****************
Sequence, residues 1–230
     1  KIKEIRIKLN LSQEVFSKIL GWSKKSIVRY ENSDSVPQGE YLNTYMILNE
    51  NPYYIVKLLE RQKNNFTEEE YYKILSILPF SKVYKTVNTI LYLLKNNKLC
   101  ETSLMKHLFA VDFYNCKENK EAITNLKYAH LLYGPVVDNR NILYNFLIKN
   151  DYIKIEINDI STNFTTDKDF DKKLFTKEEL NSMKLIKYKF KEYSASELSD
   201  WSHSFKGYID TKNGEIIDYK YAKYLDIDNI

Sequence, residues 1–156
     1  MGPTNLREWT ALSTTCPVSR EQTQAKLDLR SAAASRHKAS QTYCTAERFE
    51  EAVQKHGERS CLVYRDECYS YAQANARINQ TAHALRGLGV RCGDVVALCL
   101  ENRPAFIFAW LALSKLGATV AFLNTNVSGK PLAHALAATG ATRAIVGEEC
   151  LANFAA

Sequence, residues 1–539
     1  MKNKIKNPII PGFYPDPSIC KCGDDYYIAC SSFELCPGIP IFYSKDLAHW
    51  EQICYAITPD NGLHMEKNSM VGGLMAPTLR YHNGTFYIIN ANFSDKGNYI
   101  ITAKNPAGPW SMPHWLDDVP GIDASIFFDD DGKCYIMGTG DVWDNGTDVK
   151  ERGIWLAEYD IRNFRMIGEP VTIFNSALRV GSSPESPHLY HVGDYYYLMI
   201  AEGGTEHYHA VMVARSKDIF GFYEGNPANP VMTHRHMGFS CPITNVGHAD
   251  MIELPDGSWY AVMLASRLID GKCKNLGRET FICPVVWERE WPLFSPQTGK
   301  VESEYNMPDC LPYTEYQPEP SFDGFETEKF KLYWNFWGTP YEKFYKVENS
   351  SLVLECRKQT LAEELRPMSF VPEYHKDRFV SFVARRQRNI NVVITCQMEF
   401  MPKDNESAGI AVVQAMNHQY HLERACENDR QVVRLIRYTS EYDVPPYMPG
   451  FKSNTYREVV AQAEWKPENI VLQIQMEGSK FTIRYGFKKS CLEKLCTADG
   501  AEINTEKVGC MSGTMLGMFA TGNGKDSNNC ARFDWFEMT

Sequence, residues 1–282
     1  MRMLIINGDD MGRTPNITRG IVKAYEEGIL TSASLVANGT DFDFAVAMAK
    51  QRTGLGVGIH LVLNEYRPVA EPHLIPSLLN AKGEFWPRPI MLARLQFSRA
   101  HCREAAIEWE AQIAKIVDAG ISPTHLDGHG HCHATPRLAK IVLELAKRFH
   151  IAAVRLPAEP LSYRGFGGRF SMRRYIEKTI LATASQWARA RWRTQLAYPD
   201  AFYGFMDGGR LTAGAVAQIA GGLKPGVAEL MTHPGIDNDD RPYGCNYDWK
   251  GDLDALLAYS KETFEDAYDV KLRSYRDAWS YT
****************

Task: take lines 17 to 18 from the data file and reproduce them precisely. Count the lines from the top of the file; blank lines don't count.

   201  AEGGTEHYHA VMVARSKDIF GFYEGNPANP VMTHRHMGFS CPITNVGHAD
   251  MIELPDGSWY AVMLASRLID GKCKNLGRET FICPVVWERE WPLFSPQTGK